So about four months ago, I submitted another short story to the Writers of the Future Contest. Urban fantasy. New York. Tabby cat. Ink and glass. The usual works.
And as always, I went through the same phases of “submit-a-story-trauma.”
Feel free to read the gibbering little blog post on it…or let be enough to say that by the time I submitted a story this quarter, just few weeks ago, I was absolutely certain the urban fantasy story was a steaming pile of garbage that needed a massive rewrite and probably incorporation into the novel it was planned for rather than going it alone as a story. Not to mention the fact that I’d heard nothing from the contest–not even the usual “Sorry, better luck next time.”
I really thought they hated it.
Except…I was wrong.
Tuesday I got the email…my story got an honorable mention.
Brainfreeze is the wrong word. Brainblob or “who do what now?” are probably more accurate.
Having gotten honorable mentions before or not, this did not compute.
I spent almost ten minutes rifling through computer files to make absolutely certain it was the story I was thinking of. The one that I hit submit for only because I’d actually finished it and why not?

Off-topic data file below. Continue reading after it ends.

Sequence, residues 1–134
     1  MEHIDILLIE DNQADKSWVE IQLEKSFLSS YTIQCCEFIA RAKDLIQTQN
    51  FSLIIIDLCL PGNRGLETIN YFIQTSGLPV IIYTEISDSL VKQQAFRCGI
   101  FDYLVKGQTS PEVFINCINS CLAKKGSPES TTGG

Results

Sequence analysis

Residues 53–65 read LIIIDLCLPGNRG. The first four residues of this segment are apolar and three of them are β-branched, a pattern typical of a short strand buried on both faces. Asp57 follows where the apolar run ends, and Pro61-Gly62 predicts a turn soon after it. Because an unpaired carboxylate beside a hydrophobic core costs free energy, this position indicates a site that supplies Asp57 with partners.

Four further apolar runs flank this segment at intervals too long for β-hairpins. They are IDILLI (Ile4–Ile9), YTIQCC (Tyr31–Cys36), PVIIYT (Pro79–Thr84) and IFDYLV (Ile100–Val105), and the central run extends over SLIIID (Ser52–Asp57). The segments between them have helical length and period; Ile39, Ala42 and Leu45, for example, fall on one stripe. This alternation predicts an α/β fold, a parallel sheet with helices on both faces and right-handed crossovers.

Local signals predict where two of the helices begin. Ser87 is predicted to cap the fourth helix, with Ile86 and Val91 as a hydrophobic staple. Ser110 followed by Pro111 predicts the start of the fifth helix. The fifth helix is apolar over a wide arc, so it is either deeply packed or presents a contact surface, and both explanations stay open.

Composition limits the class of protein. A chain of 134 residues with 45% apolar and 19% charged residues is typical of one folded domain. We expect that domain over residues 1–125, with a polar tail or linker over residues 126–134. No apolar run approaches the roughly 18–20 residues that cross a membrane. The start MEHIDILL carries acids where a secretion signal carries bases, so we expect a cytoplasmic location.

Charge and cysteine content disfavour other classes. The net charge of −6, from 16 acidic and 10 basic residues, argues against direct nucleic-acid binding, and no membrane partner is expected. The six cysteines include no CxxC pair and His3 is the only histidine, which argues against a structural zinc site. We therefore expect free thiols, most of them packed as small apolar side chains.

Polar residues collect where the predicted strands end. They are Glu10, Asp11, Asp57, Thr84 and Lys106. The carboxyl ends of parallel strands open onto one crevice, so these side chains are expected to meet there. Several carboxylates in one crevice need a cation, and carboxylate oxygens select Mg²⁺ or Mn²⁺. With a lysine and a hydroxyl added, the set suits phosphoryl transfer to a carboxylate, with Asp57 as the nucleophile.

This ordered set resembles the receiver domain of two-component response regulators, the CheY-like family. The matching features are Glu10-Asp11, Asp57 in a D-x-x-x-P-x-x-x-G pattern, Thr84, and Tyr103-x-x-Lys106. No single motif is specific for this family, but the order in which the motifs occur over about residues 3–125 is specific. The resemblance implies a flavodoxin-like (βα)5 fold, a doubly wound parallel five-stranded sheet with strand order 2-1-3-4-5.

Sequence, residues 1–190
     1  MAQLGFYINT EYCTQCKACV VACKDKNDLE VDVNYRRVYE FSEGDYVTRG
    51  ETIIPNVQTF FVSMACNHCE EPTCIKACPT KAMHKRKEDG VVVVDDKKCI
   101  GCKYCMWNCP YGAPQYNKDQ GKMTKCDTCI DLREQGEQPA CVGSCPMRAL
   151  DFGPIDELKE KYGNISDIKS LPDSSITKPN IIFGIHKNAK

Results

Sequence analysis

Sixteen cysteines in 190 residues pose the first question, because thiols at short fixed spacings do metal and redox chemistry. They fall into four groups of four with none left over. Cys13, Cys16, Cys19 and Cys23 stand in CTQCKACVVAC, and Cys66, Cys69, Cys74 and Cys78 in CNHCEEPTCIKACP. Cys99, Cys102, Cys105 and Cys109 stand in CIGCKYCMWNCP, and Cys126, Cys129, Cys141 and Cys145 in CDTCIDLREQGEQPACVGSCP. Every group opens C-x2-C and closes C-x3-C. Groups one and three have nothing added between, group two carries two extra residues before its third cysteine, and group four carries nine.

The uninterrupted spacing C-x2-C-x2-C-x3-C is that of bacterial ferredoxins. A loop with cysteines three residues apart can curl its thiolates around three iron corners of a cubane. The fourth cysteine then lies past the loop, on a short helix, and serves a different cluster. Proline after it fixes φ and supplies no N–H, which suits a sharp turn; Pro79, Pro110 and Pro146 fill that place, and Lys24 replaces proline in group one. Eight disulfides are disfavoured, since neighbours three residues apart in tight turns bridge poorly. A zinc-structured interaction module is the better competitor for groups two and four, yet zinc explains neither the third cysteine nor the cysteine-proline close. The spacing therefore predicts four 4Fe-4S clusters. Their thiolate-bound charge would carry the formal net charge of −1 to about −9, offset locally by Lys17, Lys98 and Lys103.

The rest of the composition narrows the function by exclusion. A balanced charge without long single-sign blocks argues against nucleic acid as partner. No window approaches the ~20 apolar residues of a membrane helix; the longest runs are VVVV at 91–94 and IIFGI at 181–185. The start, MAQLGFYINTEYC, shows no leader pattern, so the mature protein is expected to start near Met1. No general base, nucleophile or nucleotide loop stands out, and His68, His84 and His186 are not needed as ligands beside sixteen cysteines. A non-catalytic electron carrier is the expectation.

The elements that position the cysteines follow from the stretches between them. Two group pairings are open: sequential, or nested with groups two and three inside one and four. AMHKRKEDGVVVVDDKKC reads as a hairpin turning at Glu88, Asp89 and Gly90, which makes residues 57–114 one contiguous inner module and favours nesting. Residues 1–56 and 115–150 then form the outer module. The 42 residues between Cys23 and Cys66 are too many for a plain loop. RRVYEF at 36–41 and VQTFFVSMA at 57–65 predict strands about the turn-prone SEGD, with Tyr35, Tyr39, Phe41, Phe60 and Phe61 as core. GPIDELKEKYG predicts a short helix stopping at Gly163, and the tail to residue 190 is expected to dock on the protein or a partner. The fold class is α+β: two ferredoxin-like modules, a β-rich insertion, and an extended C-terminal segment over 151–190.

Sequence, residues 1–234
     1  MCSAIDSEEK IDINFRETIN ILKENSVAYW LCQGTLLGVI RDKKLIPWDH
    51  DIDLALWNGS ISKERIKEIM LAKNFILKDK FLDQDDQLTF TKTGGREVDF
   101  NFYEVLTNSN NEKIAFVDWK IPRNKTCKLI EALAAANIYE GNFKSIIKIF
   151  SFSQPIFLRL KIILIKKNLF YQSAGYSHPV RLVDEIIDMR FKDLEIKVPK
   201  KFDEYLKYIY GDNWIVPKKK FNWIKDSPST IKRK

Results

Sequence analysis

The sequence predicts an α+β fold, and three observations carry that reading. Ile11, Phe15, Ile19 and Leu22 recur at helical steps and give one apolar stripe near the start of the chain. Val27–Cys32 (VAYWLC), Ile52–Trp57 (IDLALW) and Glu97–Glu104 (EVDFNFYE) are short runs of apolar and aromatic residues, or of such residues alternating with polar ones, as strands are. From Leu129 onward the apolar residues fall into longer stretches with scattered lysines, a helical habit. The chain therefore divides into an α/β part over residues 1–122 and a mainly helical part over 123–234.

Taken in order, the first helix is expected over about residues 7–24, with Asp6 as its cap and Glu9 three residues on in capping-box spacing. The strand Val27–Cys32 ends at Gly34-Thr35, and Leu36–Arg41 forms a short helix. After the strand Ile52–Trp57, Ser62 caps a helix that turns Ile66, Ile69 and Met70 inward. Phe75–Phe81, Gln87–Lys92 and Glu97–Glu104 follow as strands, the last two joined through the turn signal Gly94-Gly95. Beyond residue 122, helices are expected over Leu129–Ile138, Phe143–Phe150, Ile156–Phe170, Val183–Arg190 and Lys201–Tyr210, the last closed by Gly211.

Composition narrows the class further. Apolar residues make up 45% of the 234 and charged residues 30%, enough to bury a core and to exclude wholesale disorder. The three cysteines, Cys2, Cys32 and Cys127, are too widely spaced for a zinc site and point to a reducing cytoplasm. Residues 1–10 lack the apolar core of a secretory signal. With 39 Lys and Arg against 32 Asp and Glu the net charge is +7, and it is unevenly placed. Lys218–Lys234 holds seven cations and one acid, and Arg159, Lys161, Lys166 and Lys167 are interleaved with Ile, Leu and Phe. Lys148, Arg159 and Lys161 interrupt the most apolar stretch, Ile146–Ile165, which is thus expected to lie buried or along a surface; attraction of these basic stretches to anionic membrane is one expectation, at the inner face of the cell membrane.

Yup, that was the one.
Stared at the ceiling.
Ran around my house for a while. Did not cry from sheer disbelief atop stressful life situations (don’t judge). Spoke in fragmented two and three word sentences trying to articulate to a loved one exactly what had just happened. Seriously, anyone who says writers are good with words should try talking to one for longer than 60 seconds. Fortunately, my loved ones are (mostly) used to me by now. Interpretation didn’t take long.
Now I’m still shaking my head a little that they liked the story. Hoping everybody (me included) takes this as one more reason to defy the terror attached with smacking the button for “submit.”
Editing a little of the very first story I ever submitted to WOTF (and literally haven’t touched since 2016 because I thought it was a lost cause) while listening to Oonagh’s beautiful “Zauberwald.” The two seem to belong together.
But for right now…
I’m taking the afternoon off. I think I’ve had enough pressure on myself the last couple of weeks, and no deadlines are threatening doom over my head. So I’m going to take a deep breath. See what it feels like. Waste some time, even.
Worry about tomorrow, tomorrow.